Cleveland's Local Hiring Law Struck Down: The City of Cleveland, Ohio faced a similar situation with their local hiring ordinance, the Lewis Law. The Federal Highway Administration, which was funding road work for the city withheld funds from the city because of the ordinance. The United States Court of Appeals held that FHWA was within their rights to withhold the money, effectively striking Cleveland's local hiring law. To read the decision of the Court of Appeals, click here.

Sunday, November 15, 2009

Will U.S. Dept. of Labor Modify Small Business Set-Aside and Project Labor Agreement Requirements on NH Project?

Observers are closely watching what the U.S. Department of Labor will do next after recently canceling a $35 million Job Corps Center project in Manchester, New Hampshire - a project that has been in the planning stages for almost a decade.

Many believe the project was canceled due to a bid protest filed by non-union contractor, North Branch Construction, who objected to the requirement that the successful contractor sign a "Project Labor Agreement" (PLA) on the project and have performed on at least three other projects with project labor agreements.

PLAs require the use of union labor on public works projects. Under an Executive Order by President Obama earlier this year, PLAs were encouraged on federal construction projects, a reversal of an eight year prohibition on PLAs by former President George W. Bush.

The New Hampshire Job Corps Center also had a small business set-aside, meaning only contractors with less than $33.5 million in annual revenue would qualify.

The combination of the PLA and small business requirements would have the effect of severely limiting the bidding pool to small union contractors, mostly from out-of-state who have done previous PLA work and who could submit a payment and performance bond for the full $35 million project - somewhat problematic given the revenue restrictions for qualifying as a small business.

Given the size of the project and its location in primarily non-union New Hampshire, the Department of Labor's requirements don't appear to be appropriately guaged to the project, and may be more of a response to political pressures than to effective bidding strategies.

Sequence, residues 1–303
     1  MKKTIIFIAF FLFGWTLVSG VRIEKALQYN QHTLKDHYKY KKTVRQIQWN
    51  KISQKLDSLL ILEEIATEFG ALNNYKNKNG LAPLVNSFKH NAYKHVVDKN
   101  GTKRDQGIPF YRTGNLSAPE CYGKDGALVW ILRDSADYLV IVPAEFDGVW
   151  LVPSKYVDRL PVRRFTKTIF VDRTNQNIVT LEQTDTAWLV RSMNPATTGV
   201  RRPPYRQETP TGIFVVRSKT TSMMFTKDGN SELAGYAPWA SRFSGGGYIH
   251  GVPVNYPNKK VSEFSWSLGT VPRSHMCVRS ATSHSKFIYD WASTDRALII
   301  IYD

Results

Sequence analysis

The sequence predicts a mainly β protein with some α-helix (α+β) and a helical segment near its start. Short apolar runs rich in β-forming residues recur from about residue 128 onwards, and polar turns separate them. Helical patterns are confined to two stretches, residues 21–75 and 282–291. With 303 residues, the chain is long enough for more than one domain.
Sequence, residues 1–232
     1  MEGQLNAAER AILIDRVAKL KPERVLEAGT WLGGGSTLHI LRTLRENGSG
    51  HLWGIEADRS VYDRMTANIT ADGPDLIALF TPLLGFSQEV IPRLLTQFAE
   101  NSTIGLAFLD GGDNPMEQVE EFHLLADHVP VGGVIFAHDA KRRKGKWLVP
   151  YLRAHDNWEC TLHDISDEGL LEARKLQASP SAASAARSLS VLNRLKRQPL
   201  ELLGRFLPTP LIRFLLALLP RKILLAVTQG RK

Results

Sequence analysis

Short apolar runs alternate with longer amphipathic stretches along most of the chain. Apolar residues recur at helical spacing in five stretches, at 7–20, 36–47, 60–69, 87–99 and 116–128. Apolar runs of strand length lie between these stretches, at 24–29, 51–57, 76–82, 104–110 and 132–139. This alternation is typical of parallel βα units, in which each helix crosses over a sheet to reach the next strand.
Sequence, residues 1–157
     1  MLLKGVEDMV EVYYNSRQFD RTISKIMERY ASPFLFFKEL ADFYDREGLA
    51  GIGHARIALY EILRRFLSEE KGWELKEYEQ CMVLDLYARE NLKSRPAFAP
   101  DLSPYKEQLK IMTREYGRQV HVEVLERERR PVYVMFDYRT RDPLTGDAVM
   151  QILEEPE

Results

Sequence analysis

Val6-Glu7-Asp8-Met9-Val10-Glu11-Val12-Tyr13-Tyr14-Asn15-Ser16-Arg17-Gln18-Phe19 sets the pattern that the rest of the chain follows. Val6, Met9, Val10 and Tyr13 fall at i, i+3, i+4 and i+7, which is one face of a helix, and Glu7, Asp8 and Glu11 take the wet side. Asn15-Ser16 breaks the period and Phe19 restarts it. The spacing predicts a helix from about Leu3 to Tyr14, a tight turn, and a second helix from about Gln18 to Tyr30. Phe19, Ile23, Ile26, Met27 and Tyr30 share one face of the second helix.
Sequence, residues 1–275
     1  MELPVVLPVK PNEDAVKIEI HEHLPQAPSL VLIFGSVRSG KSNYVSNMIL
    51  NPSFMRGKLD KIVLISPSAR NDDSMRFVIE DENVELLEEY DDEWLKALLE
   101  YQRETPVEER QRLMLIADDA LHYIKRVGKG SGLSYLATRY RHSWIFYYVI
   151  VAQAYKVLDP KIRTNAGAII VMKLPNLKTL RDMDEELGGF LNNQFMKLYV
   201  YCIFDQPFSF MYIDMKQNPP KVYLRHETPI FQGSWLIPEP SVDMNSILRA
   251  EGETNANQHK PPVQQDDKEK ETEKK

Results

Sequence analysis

Stay tuned as the Department of Labor decides whether to open up the project for bidding again and whether they will keep the small business set-aside and the PLA requirements.

For an updated article from the New Hampshire Concord-Monitor, click here.

CMAA - Upcoming Design-Build Projects in Southern California

Breakfast meeting:
When: Wednesday, December 2, 2009

Time: 8:00 a.m. to 10:00 a.m.

Where: Downtown Los Angeles Marriott (333 S. Figueroa St, Los Angeles)

For more information and to register, visit

Sponsored by: Southern California Chapter of CMAA (Construction Management Association of America)

Thursday, November 12, 2009

CMAA Speech on Washington State's SR 520 Bridge Replacement Project

Dinner Speech: SR 520 Bridge Replacement Program

When: Thursday, November 19, 2009

Time: 5:30 p.m. to 8:00 p.m.

Speaker: Larry Kyle, Program Engineering Manager, HDR Engineering

Sponsored by: Pacific Northwest Chapter of CMAA (Construction Management Association of America)

Where: Rock Salt Streak House (1232 Westlake Ave. North, Seattle, WA)

Cost: $40

For more information and to register, contact Allen Wycoff at

Description: The SR 520 Bridge Replacement and HOV Program will replace the aging floating bridge built in the 1960s without the benefit of today's design standards. The 12.8 mile program area will affect the 115,000 vehicles that travel the Evergreen Point Bridge every day. The project timeline is to begin in 2009 with innovative pontoon construction testing effort and the new bridge to be open to drivers in 2014. The project costs are estimated between $4.5 to $6.6 billion, depending on the option selected.

Wednesday, November 11, 2009

ARRA and Prevailing Wages on Weatherization Projects

The Washington State Department of Labor and Industries has published guidance for public agencies in the state on the applicability of state and federal prevailing wages on ARRA (American Recovery and Reinvestment Act) weatherization projects.

L&I has established a website specifically dedicated to answering questions related to this. Visit L&I's website for ARRA Public Works Weatherization Projects for more information.

Tuesday, November 10, 2009

Prevailing Wage Correction for Line Equipment Operators

The prevailing wage rate for Line Equipment Operators in all counties in the State of Washington will decrease by one cent effective on November 29, 2009.

This is a correction to the September 2, 2009 prevailing wage rates published by the
State Department of Labor and Industries.

The official notice of the correction from L&I may be found on
L&I's website by clicking here.

AACE & CMAA Meeting on Sound Transit's Beacon Hill Tunnel & Station

Networking, Dinner Meeting, and Presentation:
  • Sound Transit Beacon Hill Tunnel & Station...a Post Mortem
When: Thursday, November 12, 2009 Time: 5:30 p.m. to 8:30 p.m.

Doubletree Guest Suites (16500 Southcenter Parkway, Tukwila, WA)

Speaker: Richard Sage,
Sound Transit Construction Manager Sponsored by: For more information and to register, visit AACE's website.